22 Juli 2016
PF-17 BRP Andreas Bonifacio (photo : USCG)
Navy's 2nd BRP Andres Bonifacio to arrive home by November
MANILA (PNA) -- The Philippine Navy (PN)'s second frigate, bearing the revered name KKK founder Andres Bonifacio, will be arriving home by November.
This was confirmed by PN acting public affairs chief Cmdr. Marineth Domingo in an interview Thursday.
The new BRP Andres Bonifacio (FF-17) is the former USCGC Boutwell, which was retired last March 16 and scheduled to be handed over to the PN on Thursday (American time) during turnover ceremonies at Coast Guard Base Alameda, California.
Domingo said BRP Andres Bonifacio prospective commanding officer Capt. Capt. Brendo J. Casaclang and his crew will train on how to operate the ship's systems before starting their voyage home by October.
She added that the ship will be used in maritime security and sovereignty patrols.
BRP Andres Bonifacio will be the third Hamilton class cutter in PN service after the BRP Gregorio Del Pilar (FF-15) and BRP Ramon Alcaraz (FF-16) which were acquired in 2011 and 2013, respectively.
The former was acquired through the US Excess Defense Articles program. The second BRP Andres Bonifacio is armed with a 76mm Oto Melara autocannon like her sisters and has cruising speed of around 29 knots.
The first BRP Andres Bonifacio (PF-7) was commissioned by the PN on July 27, 1976 and decommissioned on Sept. 30, 1993.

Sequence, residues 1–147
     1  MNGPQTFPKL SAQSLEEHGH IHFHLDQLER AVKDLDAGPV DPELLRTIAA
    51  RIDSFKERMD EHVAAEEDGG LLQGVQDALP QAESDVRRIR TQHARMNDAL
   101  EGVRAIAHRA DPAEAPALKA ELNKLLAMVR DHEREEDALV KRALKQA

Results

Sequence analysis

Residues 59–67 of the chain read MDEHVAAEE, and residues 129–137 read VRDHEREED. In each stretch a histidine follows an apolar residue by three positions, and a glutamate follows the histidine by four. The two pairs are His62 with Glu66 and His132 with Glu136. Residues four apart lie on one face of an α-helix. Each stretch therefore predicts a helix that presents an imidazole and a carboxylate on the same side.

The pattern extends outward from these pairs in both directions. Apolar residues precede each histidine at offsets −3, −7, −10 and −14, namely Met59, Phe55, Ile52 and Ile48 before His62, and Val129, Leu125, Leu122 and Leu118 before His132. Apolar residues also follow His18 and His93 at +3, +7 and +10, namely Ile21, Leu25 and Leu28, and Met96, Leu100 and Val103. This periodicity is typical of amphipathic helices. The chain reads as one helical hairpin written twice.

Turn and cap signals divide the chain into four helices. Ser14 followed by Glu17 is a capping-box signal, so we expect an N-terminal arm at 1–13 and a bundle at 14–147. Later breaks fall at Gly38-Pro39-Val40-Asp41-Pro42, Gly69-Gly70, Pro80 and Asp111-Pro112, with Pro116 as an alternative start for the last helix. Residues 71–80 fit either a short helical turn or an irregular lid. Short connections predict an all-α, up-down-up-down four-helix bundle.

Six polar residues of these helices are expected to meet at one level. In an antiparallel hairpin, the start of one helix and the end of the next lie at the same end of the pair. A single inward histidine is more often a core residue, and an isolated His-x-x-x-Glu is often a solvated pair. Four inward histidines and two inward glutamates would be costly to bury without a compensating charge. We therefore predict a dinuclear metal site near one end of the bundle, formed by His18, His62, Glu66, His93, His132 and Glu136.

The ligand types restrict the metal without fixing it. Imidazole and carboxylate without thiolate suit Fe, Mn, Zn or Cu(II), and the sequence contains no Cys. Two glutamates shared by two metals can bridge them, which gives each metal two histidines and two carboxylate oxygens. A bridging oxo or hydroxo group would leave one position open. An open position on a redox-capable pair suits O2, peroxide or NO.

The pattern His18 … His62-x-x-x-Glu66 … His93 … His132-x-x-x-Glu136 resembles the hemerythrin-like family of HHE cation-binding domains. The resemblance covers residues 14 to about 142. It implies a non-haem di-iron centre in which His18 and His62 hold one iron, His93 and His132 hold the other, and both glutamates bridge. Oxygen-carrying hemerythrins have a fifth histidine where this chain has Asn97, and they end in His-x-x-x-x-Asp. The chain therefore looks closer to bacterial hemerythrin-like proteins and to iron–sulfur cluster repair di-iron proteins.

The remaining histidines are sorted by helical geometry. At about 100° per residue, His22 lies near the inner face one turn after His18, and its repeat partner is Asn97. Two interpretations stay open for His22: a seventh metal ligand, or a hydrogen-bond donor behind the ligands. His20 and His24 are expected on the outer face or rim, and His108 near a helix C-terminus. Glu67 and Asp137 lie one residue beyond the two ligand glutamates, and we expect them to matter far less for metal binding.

The first BRP Andres Bonifacio was the lead ship of the Andres Bonifacio class frigates of the PN which consists of the BRP Gregorio Del Pilar (PF-8), BRP Diego Silang (PF-9) and BRP Francisco Dagohoy (PF-10).
These ships, during that time were the largest and most heavily-armed frigates of the PN.
The above-mentioned vessels weighs 2,800 tons with a full war load, has a length of 311 feet, has a cruising speed of 18.2 knots and is armed with one five-inch automatic cannon.
The latter weapon is the largest weapon ever mounted in a PN ship even with the arrival of the BRP Gregorio Del Pilar class frigates.
These ships were formerly used by the US Navy as Barnegat-class small seaplane tenders.
These vessels were former naval vessels of the South Vietnamese Navy.
And when the South Vietnam collapsed in 1975, these four vessels fled to Subic Bay, Philippines where they reverted to the control of their former operator, the United States, who then sold them to the PN at friendship prices.
These four ships formed the backbone of the Philippine Fleet and served loyally for 17 years until lack of spares and obsolescent prompted their decommissioning in 1993.